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ISIS inflates its ferocity with fraudulent claims

By Khalid al-Taie

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A member of the Iraqi Ministry of Defence's Psychological Operations Unit sends counter-terrorism messages via a mobile broadcast station in this file photo from November 15th, 2017. [Photo courtesy of Iraqi Ministry of Defence]

In recent months, the "Islamic State of Iraq and Syria" (ISIS) has been going online to claim responsibility for random attacks and kidnappings, while also claiming responsibility for non-existent crimes, Iraqi officials and monitors said.

These fraudulent claims intensified after the group's combat capabilities were destroyed and it was stripped of the territory that was once under its control, they told Diyaruna.

ISIS has taken to claiming random murders and kidnappings online, they said, with investigations later revealing the perpetrators have no link with the group.

A recent example of this is ISIS's claim of responsibility for the May 7th assassination of parliamentary candidate Farouq al-Jubury in southern Mosul.

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Iraqi vehicles equipped with communication and broadcasting systems, seen here in February, work to counter the ISIS propaganda machine. [Photo courtesy of the Directorate of Military Intelligence]

Later investigations revealed the crime was motivated by "family-related reasons", according to the Supreme Judicial Council, revealing that the victim's son was behind the murder.

ISIS has claimed responsibility for many crimes committed inside Iraq and abroad where it has later become clear that it had no hand in the matter, security expert Jassim Hanoun told Diyaruna.

In one such incident, on August 23rd, a Frenchman fatally stabbed his mother and sister near Paris.

"ISIS quickly claimed responsibility for the incident, while it was later confirmed that the perpetrator suffered from significant mental issues, according to the French Ministry of Interior," Hanoun said.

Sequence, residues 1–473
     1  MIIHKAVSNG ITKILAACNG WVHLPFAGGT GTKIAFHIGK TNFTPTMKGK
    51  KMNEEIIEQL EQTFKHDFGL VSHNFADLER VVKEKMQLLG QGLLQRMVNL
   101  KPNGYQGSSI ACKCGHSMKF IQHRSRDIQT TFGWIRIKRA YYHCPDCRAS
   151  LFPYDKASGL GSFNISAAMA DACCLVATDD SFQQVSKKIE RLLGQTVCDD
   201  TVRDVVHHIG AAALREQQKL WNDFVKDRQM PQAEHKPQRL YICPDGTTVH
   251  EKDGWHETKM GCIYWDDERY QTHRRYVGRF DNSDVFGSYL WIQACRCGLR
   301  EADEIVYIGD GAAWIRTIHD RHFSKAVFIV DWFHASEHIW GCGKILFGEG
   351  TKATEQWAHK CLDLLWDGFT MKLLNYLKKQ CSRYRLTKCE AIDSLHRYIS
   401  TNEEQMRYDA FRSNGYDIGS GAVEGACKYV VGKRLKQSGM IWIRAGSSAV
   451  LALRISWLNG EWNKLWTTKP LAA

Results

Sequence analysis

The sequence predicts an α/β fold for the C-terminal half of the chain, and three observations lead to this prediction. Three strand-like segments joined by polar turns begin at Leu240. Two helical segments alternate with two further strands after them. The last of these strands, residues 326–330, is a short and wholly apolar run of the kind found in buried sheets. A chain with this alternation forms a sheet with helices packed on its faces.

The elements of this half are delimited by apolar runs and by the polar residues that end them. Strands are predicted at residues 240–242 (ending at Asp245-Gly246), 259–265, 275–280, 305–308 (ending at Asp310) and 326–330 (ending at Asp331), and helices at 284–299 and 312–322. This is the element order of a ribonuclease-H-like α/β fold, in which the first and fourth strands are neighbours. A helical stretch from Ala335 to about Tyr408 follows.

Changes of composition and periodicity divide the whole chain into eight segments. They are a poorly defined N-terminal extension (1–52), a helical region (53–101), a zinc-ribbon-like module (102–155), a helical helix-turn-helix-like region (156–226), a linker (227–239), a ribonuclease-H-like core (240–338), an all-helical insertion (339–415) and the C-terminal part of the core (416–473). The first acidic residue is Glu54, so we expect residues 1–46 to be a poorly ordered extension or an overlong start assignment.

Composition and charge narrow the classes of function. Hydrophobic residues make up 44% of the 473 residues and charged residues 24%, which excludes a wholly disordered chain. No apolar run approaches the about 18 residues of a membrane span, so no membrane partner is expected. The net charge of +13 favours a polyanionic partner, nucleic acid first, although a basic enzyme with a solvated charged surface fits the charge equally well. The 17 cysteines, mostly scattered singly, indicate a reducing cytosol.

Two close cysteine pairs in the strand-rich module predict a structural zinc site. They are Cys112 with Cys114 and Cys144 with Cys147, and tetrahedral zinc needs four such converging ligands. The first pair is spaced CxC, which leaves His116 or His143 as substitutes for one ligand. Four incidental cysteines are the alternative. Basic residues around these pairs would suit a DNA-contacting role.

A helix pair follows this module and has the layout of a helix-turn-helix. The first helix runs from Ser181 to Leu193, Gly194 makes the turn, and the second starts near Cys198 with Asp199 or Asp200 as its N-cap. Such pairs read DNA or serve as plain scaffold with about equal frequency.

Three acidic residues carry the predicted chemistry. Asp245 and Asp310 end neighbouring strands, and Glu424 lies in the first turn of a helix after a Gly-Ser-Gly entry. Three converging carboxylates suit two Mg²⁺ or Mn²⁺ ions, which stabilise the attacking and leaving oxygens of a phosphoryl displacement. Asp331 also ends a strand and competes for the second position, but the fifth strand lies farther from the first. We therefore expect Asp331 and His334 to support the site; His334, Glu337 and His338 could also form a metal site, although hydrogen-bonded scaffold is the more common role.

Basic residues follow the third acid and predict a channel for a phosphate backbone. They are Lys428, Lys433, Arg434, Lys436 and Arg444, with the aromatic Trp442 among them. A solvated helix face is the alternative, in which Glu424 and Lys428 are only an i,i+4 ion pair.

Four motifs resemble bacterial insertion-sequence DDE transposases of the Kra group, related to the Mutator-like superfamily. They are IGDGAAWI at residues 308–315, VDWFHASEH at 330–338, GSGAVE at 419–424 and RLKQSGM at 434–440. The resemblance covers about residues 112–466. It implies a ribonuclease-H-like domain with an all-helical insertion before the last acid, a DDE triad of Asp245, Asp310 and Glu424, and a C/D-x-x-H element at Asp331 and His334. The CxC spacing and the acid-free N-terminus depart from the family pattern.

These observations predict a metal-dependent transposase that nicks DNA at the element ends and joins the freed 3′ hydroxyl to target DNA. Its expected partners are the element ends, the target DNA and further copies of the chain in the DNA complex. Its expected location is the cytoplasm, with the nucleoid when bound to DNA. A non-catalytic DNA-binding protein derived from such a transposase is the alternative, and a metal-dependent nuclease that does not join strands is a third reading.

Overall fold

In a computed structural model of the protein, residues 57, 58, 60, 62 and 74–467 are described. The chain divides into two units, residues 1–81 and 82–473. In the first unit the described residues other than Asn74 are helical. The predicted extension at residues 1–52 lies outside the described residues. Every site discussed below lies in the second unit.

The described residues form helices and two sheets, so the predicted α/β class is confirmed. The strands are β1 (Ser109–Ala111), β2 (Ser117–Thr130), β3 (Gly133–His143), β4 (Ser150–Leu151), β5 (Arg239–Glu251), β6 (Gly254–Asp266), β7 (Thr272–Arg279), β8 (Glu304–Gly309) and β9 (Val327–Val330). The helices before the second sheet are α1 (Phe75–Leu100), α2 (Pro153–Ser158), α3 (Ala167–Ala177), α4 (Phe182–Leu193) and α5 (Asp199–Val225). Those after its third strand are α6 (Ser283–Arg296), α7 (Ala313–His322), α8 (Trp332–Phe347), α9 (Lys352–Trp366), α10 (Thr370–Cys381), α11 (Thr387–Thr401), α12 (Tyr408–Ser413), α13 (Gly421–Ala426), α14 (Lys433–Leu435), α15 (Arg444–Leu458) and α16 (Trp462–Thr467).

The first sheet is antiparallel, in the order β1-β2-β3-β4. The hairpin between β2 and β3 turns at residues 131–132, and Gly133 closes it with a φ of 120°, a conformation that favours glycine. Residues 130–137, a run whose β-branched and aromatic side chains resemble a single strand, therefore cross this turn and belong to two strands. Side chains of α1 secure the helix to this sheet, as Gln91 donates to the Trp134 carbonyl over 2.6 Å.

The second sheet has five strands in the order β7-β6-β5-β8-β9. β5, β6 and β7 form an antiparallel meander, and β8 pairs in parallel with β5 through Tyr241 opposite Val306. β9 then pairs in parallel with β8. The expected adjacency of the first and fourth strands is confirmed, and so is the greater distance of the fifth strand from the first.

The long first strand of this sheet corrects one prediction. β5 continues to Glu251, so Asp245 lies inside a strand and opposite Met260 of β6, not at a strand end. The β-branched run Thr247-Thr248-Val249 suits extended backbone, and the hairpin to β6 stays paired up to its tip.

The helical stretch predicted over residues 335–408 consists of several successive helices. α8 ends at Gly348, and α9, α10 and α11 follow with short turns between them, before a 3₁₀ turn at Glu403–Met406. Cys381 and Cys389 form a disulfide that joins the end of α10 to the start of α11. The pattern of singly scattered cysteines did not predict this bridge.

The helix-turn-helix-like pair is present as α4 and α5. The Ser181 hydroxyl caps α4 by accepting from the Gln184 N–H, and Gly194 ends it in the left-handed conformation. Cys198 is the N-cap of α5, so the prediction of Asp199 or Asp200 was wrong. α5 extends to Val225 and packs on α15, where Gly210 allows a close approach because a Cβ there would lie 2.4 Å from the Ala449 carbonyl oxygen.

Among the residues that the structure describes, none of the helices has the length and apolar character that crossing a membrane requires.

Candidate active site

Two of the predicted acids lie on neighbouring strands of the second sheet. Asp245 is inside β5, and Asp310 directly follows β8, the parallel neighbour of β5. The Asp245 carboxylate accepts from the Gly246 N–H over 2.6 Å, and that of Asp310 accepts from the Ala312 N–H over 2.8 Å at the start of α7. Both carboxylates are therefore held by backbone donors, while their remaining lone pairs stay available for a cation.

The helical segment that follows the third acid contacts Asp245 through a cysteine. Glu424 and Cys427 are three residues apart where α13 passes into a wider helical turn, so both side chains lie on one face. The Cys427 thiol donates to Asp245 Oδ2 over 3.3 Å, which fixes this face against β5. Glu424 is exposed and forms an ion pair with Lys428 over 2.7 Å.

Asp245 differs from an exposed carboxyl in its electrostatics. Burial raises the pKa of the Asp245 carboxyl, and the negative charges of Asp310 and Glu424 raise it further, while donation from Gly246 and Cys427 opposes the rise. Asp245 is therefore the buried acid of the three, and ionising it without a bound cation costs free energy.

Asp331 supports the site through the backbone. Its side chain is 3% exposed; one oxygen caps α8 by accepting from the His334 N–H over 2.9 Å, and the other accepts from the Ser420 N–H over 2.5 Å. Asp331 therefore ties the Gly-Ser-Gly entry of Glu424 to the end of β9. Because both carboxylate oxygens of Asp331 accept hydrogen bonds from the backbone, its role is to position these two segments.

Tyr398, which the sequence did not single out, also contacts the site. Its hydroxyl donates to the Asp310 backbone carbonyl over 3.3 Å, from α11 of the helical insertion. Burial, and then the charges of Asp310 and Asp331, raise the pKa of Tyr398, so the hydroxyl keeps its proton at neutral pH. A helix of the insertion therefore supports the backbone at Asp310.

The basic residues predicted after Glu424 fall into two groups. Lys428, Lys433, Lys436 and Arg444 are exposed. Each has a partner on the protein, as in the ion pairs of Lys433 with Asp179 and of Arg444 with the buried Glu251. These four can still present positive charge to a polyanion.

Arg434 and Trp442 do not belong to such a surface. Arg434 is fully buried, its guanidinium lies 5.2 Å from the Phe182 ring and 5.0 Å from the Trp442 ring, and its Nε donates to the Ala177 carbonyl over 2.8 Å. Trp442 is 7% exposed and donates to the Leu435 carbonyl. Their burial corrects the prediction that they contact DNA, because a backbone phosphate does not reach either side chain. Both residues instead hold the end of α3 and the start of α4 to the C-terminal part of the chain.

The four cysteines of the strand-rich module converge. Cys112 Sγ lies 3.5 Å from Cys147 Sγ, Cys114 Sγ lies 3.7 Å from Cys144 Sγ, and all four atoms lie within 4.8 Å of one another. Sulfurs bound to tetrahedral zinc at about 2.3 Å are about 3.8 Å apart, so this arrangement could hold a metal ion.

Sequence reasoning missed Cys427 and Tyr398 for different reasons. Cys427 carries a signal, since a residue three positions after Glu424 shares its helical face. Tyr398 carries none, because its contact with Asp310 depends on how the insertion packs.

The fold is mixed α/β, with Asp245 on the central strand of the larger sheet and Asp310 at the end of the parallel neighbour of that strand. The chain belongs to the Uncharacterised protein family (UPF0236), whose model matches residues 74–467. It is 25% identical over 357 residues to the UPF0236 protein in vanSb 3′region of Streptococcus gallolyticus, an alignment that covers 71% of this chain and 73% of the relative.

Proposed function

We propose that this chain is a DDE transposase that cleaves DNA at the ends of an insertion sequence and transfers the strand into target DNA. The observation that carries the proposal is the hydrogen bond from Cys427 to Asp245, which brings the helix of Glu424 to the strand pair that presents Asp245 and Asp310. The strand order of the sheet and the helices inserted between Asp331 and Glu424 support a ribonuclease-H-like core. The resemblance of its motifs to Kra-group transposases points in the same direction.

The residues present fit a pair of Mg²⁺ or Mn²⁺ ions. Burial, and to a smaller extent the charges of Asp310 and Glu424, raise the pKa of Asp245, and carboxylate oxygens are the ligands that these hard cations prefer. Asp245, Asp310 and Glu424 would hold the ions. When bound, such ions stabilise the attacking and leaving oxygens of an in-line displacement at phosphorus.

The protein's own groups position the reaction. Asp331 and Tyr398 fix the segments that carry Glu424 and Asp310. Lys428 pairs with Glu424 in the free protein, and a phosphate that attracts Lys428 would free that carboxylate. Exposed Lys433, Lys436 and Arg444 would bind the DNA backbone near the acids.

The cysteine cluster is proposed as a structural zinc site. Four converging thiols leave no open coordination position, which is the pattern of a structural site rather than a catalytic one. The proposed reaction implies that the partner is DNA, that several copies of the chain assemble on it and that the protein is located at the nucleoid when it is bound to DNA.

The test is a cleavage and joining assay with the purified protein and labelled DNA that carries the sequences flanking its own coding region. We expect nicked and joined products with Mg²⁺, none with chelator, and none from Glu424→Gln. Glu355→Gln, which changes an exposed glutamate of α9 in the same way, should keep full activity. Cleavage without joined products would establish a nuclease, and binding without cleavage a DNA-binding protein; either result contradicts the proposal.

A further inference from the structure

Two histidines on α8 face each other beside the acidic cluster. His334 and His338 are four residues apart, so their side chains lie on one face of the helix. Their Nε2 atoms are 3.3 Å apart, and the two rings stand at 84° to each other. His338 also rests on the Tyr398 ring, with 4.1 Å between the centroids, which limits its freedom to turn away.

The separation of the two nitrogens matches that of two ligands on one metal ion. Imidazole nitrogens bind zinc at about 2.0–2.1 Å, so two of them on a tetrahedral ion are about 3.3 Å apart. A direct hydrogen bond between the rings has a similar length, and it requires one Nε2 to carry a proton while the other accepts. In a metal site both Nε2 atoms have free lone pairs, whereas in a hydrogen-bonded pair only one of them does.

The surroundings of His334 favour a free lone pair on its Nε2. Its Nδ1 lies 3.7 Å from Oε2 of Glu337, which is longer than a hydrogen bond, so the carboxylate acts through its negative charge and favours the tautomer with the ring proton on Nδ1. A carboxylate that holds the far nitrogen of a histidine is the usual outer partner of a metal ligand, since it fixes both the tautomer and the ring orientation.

French Interior Minister Gerard Collomb had said the attacker was "mentally unstable, rather than someone who was committed, who would respond to orders from a terrorist organisation, in particular ISIS".

Fuel for ISIS propaganda

Hanoun said he thinks ISIS peddles these claims "to serve its terrorist propaganda and incite fear and, more importantly, give a dose of moral support to its members".

"Any false claim gives us, in turn, clear indication that this terrorist group is limping along on false claims to cover up its defeat," he said.

"ISIS has lost control after the demise of its leadership," he said, and therefore seeks to associate itself with any act of violence its sees in the news.

Since the group’s loss of Mosul, it has tried to claim several terror operations in Ninawa province, he said, even though there are no reports of these incidents.

These claims are "merely delusions and lies that the terrorists are trying to pass off as reality", Ninawa Operations Command spokesman Brig. Gen. Firas Bashar Sabri told Diyaruna.

"Disinformation is a terrorist tool to spread chaos and discord," he said, noting that most people are not fooled by these lies.

All rumours are investigated

"Since liberation, the security situation in [Mosul] has improved, thanks to the co-operation of the civilian population and the security and pre-emptive operations," Sabri said, which is pushing "the enemy to declare terrorist operations that only occur in their imagination".

All such allegations and rumours -- of which there are many -- are investigated and verified, he said, and the truth is revealed to the civilian population.

"Terrorists are looking for any way to have a psychological impact that would lessen the bitterness of their defeat," Ninawa provincial council security committee chairman Mohammed Ibrahim told Diyaruna.

ISIS's insertion of itself into any crime that occurs or does not occur "is a desperate ploy to cover its disappointment and bring back a sliver of hope to what is left of its members", he said.

It is therefore imperative to firmly refute the group's lies, to prevent it from seizing the opportunity to give itself influence that is larger than life, he said.

"These terrorists are usually looking for false victories, and turn reality on its head in service of their intentions to survive and expand," he said.

"We have to always confront them and expose their propaganda, and this responsibility lies on all our shoulders," he added.

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